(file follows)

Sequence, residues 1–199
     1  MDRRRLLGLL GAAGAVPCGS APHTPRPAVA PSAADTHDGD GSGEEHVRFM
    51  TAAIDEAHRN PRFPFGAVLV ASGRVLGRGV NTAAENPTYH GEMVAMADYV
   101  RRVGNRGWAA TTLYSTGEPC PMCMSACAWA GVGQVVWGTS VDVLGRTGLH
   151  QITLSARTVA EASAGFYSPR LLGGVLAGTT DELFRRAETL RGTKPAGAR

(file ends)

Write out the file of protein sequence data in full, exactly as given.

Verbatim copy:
Sequence, residues 1–199
     1  MDRRRLLGLL GAAGAVPCGS APHTPRPAVA PSAADTHDGD GSGEEHVRFM
    51  TAAIDEAHRN PRFPFGAVLV ASGRVLGRGV NTAAENPTYH GEMVAMADYV
   101  RRVGNRGWAA TTLYSTGEPC PMCMSACAWA GVGQVVWGTS VDVLGRTGLH
   151  QITLSARTVA EASAGFYSPR LLGGVLAGTT DELFRRAETL RGTKPAGAR